you are using a confidence interval, say a 98% confidence interval, you
are first examining your data from your sample. Lets say we did a
survey of 987 people and found that 98% of them know what Harry
Potter is. We could then find the confidence interval and say that we
are 98% sure that the interval actually does contain the true value of
the population portion p.

1. A hypothesis is a claim or statement about a property of population.
A hypothesis test is a procedure for testing a claim about a property of
a population. So when there is a statement made, or hypothesis, about
a property of population we will use hypothesis testing to determine
whether or not there is enough statistical evidence in favor of that
statement. By doing these tests we are able to see if these statements
are true or false. If they are true we can reject to fail the statement.
However, if it is false we can reject the statement.

4. In problem number 2 I failed to reject the null hypothesis. There is

not sufficient sample evidence to support the claim that 20% of all
skittles candies are red. I was able to come to this conclusion by

comparing the p-value to the significance level. I got 0.2802 for my pvalue, which is greater than the significance level of 0.01 Therefore, we
have to fail to reject. In problem 3 I also failed to reject the null
hypothesis. There is not sufficient sample evidence to support the
claim that the mean number of skittles candies per bag is 55. I did this
by finding the t-value which is 8.22644. This value does not fall in the
critical region of 2.660, and so we must fail to reject.

5. For the first hypothesis test that claimed that 20% of all skittles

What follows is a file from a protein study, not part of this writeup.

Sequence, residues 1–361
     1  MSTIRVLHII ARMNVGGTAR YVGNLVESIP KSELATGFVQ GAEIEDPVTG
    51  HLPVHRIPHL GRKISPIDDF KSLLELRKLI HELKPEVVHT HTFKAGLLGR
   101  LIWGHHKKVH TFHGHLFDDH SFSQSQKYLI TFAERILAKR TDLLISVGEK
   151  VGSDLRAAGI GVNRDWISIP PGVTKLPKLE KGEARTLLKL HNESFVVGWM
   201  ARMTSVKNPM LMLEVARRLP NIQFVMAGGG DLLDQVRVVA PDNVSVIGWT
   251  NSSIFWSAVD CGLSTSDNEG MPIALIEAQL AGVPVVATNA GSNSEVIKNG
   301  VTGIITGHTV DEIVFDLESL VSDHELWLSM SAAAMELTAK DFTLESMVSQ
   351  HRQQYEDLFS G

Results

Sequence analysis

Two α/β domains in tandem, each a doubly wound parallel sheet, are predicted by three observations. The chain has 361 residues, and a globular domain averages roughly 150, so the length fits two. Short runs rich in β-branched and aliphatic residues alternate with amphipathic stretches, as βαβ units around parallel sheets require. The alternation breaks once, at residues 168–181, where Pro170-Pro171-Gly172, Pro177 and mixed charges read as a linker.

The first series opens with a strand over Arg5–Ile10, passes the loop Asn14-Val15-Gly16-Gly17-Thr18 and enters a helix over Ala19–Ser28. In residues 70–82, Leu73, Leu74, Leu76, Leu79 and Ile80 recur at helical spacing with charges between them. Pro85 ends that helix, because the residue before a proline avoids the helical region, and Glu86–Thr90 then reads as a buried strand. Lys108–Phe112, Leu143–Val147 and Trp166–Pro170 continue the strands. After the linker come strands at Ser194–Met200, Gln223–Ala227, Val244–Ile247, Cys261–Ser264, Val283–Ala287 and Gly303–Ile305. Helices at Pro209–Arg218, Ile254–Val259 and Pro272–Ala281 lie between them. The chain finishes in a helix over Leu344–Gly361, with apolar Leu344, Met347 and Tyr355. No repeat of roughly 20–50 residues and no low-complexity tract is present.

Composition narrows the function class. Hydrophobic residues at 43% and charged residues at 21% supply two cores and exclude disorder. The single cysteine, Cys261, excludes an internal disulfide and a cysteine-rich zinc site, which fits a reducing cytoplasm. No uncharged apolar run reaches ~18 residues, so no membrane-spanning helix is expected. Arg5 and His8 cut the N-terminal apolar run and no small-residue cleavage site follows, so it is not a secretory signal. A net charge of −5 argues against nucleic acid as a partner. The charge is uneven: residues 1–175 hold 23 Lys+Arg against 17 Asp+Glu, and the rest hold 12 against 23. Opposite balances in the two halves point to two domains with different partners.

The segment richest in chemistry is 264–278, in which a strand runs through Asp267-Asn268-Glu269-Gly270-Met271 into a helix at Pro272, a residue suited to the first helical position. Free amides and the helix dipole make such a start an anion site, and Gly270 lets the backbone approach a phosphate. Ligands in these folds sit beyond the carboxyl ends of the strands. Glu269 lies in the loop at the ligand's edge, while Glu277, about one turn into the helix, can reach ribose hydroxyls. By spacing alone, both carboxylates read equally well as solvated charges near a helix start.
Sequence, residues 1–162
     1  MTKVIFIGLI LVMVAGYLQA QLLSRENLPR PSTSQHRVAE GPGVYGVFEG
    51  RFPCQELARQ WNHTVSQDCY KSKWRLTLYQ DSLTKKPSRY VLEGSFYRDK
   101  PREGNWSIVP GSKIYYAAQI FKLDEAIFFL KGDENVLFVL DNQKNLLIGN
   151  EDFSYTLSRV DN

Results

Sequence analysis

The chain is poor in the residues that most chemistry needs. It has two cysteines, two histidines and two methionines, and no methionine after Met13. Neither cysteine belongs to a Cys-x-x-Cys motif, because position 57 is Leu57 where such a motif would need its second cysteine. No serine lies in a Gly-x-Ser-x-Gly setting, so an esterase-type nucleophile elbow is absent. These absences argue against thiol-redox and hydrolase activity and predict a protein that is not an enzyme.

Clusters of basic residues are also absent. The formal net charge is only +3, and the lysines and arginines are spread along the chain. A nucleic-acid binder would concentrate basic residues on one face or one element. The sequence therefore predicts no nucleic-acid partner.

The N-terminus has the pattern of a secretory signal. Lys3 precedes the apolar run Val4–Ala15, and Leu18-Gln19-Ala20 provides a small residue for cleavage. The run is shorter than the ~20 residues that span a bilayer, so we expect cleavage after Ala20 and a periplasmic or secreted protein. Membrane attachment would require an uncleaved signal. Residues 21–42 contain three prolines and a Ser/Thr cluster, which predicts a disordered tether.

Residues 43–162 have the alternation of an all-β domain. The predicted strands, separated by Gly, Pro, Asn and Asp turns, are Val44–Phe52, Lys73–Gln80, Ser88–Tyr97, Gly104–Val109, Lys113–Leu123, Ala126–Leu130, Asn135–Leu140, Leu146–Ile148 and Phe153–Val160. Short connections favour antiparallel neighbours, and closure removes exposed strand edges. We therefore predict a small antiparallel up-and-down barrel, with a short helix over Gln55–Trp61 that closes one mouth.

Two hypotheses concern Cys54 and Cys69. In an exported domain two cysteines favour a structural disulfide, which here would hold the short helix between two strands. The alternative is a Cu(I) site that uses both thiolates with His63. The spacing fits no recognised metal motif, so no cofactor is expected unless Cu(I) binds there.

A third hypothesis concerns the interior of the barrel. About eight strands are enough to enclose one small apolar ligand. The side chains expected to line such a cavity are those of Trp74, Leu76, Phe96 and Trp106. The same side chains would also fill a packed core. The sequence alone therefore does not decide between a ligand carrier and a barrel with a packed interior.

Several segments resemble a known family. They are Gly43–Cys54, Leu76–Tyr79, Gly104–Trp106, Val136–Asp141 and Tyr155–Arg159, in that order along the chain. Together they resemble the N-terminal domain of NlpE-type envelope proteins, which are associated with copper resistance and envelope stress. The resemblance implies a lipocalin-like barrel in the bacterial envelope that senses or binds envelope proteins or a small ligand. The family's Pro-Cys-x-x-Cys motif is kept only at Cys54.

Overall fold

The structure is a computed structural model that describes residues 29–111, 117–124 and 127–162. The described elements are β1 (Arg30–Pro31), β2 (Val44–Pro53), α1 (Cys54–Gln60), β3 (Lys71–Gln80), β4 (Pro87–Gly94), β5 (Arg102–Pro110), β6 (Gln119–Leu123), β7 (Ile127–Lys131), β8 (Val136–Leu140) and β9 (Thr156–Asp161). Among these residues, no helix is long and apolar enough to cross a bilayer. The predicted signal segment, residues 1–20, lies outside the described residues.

candies are red I got a p-value that is greater than the significance
value. We presume the null hypothesis of p = .20 to be true. Since my
p-value was greater than the significance level it means that we cannot
reject the null hypothesis that p = 0.20 because there is not enough
evidence to support the claim.. However, this doesnt necessarily mean
that it is true, just plausible. For the second hypothesis test it claimed
that the mean skittles candies per bag is 55. I got a critical value of
2.660 and a t-score of 8.22644. When comparing the two on the chart
we come to the conclusion that we must fail to reject the null
hypothesis. There is not sufficient sample evidence to support the
claim. So once again the null hypothesis is plausible.

The Skittles Term Project helped develop my problem solving
skills in many ways. While doing the project I had to think of the
Skittles as more than just a bag of Skittles. I have eaten Skittles
several times in my life, but never once did I look at them and consider
them a statistical math problem. It opened my mind to see that a lot of
things in my daily life could be turned into or looked at as a statistical

Before this project I knew the basics like how to find the mean,
median and mode of a data set, but I had never heard of a standard
deviation, z-score, hypothesis testing, etc. All of this was new
information for me. This new information also helped to develop my
problem solving skills because it took me deeper into the data set. I
had to analyze it even more. Not only that, but because this class is
online I had to teach myself how to do it.
I think this is what helped develop my problem solving skills the
most. I didnt just have to analyze the data deeper for this project, but I
had to find out how to analyze it deeper. I had to teach myself how to
find the z-score and what it meant. I had to teach myself how to
calculate a standard deviation and the significance it gives to a data
set. I had to teach myself what hypothesis testing is and what it does.
When things became confusing during the project I had to use
my problem solving skills to figure out a way to help me better
understand. The hardest part wasnt learning the calculations, but
what the actual meaning was behind those calculations. What those
calculations meant in regards to the data set. I think this project
definitely helped me to develop my problem solving skills.